March 8-11, 2018
The Historic New Orleans Collection will join the City of New Orleans 2018 Commission’s Cultural and Historical Committee to present “Making New Orleans Home: A Tricentennial Symposium,” Thursday, March 8, through Sunday, March 11, 2018. The symposium is the capstone of the committee, which is chaired by author and former Associate Vice President for External Affairs at Xavier University Sybil Morial and THNOC Executive Director Priscilla Lawrence.
Featuring lectures and cultural programming throughout the city, the four-day event will explore the 300-year history of how New Orleans came to be inhabited by diverse, vibrant people and how, in turn, the concept of home has been central to the life and culture of the city.
“This is a unique opportunity to gather as a community, reflect on our city’s 300-year legacy, share groundbreaking scholarship and examine this fascinating place we call home,” said Lawrence.
Comprising individual lectures and panel discussions, the symposium will be held at a different location each day. Thursday’s keynote session will take place at Tulane University’s McAlister Auditorium. Friday’s sessions will be held in the French Quarter at the Hotel Monteleone. Xavier University will host the programs for Saturday, and the University of New Orleans will host Sunday’s events. Additional evening events will take place on the 500 block of Royal Street at The Historic New Orleans Collection (Friday, March 9) and the New Orleans Jazz Museum (Saturday, March 10).
Emily Clark, the Clement Chambers Benenson Professor in American Colonial History at Tulane University, chaired the subcommittee that selected more than two dozen speakers and panelists.
Cokie Roberts, a native New Orleanian, will present the keynote address on Thursday evening, March 8, at Tulane University’s McAlister Auditorium. Roberts is an NPR Morning Edition commentator, a political commentator for ABC News and the author of numerous books on American history.
Isabel Wilkerson, author of the award-winning book “The Warmth of Other Suns: The Epic Story of America’s Great Migration” (Random House, 2010), is the featured speaker on Saturday morning, March 10, when talks will be held at Xavier University’s McCaffrey Ballroom in the University Center. Wilkerson won a Pulitzer Prize for her earlier work at the New York Times, making her both the first black woman in the history of American journalism to win a Pulitzer and the first African American reporter to win for individual reporting.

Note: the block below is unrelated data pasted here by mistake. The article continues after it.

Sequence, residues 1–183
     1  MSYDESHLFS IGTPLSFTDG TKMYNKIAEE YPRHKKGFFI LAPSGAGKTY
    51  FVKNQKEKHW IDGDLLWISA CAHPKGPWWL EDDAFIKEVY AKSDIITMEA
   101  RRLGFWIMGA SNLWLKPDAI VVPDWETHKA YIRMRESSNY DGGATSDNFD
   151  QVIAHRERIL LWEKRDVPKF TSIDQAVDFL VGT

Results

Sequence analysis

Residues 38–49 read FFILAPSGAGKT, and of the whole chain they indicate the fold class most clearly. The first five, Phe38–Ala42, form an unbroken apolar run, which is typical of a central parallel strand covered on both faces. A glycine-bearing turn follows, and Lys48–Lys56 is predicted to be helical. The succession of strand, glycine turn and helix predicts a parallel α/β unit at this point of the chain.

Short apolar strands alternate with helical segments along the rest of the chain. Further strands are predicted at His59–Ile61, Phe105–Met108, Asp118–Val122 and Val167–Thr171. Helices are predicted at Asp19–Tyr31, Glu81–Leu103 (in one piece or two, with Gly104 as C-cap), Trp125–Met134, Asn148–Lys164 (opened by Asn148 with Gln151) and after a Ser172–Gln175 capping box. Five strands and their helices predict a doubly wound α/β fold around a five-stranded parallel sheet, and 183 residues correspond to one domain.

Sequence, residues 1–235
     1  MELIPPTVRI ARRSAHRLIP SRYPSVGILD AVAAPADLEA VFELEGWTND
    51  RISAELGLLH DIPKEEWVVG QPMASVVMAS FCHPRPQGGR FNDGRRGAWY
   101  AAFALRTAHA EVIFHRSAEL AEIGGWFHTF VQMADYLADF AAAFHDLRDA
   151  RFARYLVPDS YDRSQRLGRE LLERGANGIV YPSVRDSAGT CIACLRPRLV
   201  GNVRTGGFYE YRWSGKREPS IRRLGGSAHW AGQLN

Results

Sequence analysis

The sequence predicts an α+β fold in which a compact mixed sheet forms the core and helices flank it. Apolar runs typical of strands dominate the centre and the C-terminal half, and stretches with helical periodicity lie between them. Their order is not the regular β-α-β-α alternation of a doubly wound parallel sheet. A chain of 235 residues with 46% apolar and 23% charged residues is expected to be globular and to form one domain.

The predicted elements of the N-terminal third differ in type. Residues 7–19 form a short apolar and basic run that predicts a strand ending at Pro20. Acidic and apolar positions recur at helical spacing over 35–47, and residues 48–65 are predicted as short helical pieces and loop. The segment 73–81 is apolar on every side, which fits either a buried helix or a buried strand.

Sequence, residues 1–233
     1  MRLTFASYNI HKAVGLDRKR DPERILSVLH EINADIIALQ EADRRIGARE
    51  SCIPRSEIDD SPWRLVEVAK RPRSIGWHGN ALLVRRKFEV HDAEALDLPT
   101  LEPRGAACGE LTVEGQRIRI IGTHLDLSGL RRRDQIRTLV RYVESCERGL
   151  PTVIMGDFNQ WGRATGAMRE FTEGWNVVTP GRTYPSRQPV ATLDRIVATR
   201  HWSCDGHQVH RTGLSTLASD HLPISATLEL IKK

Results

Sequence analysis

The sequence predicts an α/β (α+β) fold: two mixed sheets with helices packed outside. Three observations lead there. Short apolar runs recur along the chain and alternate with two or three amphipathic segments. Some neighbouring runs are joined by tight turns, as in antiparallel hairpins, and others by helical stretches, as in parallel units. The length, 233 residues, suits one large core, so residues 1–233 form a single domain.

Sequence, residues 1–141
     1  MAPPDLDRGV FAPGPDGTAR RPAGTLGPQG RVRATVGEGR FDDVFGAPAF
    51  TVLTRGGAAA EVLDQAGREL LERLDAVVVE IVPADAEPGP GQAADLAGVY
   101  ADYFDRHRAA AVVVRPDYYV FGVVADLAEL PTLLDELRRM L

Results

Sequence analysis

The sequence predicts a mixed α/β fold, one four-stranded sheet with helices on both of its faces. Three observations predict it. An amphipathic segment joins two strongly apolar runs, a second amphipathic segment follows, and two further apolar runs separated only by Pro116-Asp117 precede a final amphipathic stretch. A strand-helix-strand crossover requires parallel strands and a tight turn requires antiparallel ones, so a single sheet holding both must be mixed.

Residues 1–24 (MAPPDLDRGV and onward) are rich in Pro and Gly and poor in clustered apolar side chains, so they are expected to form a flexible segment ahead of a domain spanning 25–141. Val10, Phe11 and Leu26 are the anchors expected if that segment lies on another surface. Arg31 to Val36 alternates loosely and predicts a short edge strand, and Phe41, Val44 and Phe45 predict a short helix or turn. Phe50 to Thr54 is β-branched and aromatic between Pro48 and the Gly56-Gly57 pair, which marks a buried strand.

In addition to Roberts and Wilkerson, the following individuals will present at the symposium:
- Raphael Cassimere Jr., professor emeritus of history, University of New Orleans
- Hasia Diner, professor, New York University
- Tara Dudley, lecturer, School of Architecture, The University of Texas at Austin
- Daniel Hammer, deputy director, The Historic New Orleans Collection
- Jonn Hankins, executive director, New Orleans Master Crafts Guild
- Laura D. Kelley, adjunct professor of history and program director of Tulane Summer in Dublin program, Tulane University
- Ann M. Masson, architectural historian, Tulane School of Architecture
- Sybil Morial, co-chair of the City of New Orleans 2018 Commission’s Cultural and Historical Committee, author and former associate vice president for external affairs at Xavier University of Louisiana
- Justin A, Nystrom, director, Center for the Study of New Orleans, Loyola University, New Orleans
- Lawrence N. Powell, professor emeritus of history, Tulane University
- Bruce Boyd Raeburn, head of Special Collections and director of Hogan Jazz Archives (emeritus), Howard-Tilton Memorial Library, Tulane University
- Kodi Roberts, assistant professor of history, Louisiana State University
- Doratha “Dodie” Smith-Simmons, civil rights activist, founding member of the local chapter of CORE (the Congress for Racial Equality), NAACP Youth Council
- Nicholas R. Spitzer, producer of the public radio program “American Routes;” professor of anthropology, Tulane University
- Alexander P. Tureaud, retired educator, author, public speaker, artist
- Noël M. Voltz, assistant professor of history, University of Utah
- Michael White, New Orleans jazz clarinetist; Keller Endowed Chair in the Humanities, Xavier University
- Shannon Lee Dawdy, professor of anthropology, University of Chicago
- Nathalie Dessens, professor of American history, Université de Toulouse
- Richard Campanella, geographer, Tulane University School of Architecture
- Kathleen DuVal, Bowman and Gordon Gray Distinguished Professor of History University of North Carolina
- David Fleming, director, National Museums Liverpool, England
- D. Ryan Gray, Richard Wallin Boebel Endowed Professor in Anthropology, University of New Orleans
- Leslie M. Harris, professor of history and African American studies, Northwestern University
- Jessica Marie Johnson, assistant professor of history, Johns Hopkins University
- Walter Johnson, Winthrop Professor of History; professor of African and African American studies; director, Charles Warren Center for Studies in American History, Harvard University, interviewed by Erin M. Greenwald, curator of programs, New Orleans Museum of Art
- Rebecca J. Scott, professor of history and law, University of Michigan
- Daniel H. Usner, Holland N. McTyeire Professor of History, Vanderbilt University
- Sophie White, associate professor of American studies, University of Notre Dame
Admission to the symposium is free. The complete schedule of talks and events is available at 2018nola.com.
The symposium is presented by the City of New Orleans 2018 Commission’s Cultural and Historical Committee with the Amistad Research Center, Tulane University, The Historic New Orleans Collection, the Ethel and Herman L. Midlo Center for New Orleans Studies at the University of New Orleans and Xavier University of Louisiana
Posted: January 29, 2018